AN 721: Creating an FPGA Power Tree

ID 683564
Date 6/30/2019
Public

Power Rail Inputs

Intel FPGAs have several inputs requiring power, but each input does not necessarily require a dedicated power converter. You can place multiple inputs together in a group with a single regulator supplying the sum total of the power. Creating a group of these inputs can reduce the space used on your PCB and reduce your system costs. When creating your FPGA power tree, you should create a group of all relevant extracted FPGA power rails for use with a single regulator.

Refer to the Pin Connection Guidelines for your selected Intel FPGA to determine what inputs you can group together; the Pin Connection Guidelines recommend a power supply block architecture for each FPGA configuration and provide details about each input pin required during hardware design.

Figure 3. Example Power Sharing Guidelines This figure shows Intel® Arria® 10 SX Device with Transceiver Data Rates ≤ 11.3 Gbps for Chip-to-Chip application Thsi figure shows a recommended Intel® Arria® 10 power tree. Refer to the Intel® Arria® 10 GX, GT, and SXDevice Family Pin Connection Guidelines.
Note:
  1. When using a switcher to supply these voltages, the switcher must be a low noise switcher as defined in note 7 in the notes in the Intel Arria 10 SX Pin Connection Guidelines.
  2. The supported tolerance for the VCCIO power supply varies depending on the I/O standards. For more details, refer to the I/O standard specification in the Intel Arria 10 Device Datasheet. Use the EPE tool to determine the power required for your specific design.
  3. Each board design requires its own power analysis to determine the required power regulators needed to satisfy the specific board design requirements.

Intel suggests power rail groupings in the Pin Connection Guidelines for each Intel FPGA, but there are two other factors to consider when grouping your power rails. First, each of the FPGA power rail inputs in a group must have the same supply voltage requirement. This limitation is important for FPGA resource blocks such as I/O inputs that might require different voltages depending on the specific interface protocols used in your design. For example, a PCI Express® ( PCIe® ) I/O interface might require a 3 V input supply and an LVDS I/O interface might require a 2.5 V input supply; while both are I/O inputs, and the Pin Connection Guidelines simplified the I/O inputs as a single VCCIO rail, these two I/O inputs must be powered by different converters.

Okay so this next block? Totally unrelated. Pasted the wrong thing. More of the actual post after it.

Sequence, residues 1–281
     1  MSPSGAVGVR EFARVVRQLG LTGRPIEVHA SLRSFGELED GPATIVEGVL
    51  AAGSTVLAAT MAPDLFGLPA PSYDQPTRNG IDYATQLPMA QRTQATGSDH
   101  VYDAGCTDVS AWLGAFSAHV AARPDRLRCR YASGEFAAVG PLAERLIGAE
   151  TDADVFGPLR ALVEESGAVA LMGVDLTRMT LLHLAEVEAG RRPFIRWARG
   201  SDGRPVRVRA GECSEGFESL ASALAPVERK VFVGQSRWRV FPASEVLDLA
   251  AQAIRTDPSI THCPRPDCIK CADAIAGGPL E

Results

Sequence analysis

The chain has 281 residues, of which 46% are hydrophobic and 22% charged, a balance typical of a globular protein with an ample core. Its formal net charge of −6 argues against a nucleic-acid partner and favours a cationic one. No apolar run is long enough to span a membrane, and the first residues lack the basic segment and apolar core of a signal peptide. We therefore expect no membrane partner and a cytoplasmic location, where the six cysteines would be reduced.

The second power rail grouping factor to consider is power-up sequencing. Not every FPGA or system requires power-up sequencing, but many advanced FPGAs require that power is supplied to various inputs in a specific order during system power-up. You can locate the power-up sequence guidelines for your selected Intel FPGA in the device’s Pin Connection Guidelines or Handbook. If your design requires power-up sequencing, you must ensure that grouped power rail inputs meet the sequence requirements for your Intel FPGA. You cannot provide power to a power rail if it depends upon another rail in the same group or a rail in a later group.

You can provide power to any inputs in your design individually, or in combination with another group of FPGA inputs that share their voltage and sequencing requirements.

Figure 4. Power-Up Sequence Requirement for Intel® Arria® 10 DevicesThis figure shows power-up sequence requirements for the Intel® Arria® 10 V device as described in Power Management in Intel® Arria® 10 Devices .

Once you determine your power rail input groupings, use the Early Power Estimator (EPE) spreadsheet to determine the total power required for the input group. The EPE spreadsheet combines the current requirements for each load by summing each FPGA input’s current requirement. The result are in in the Total Current (A) column in the EPE spreadsheet Report tab.

Figure 5. Power Groups in the EPE

In the EPE spreadsheet you can group inputs at any point in your design cycle, including before you start your design, or before your design is complete.

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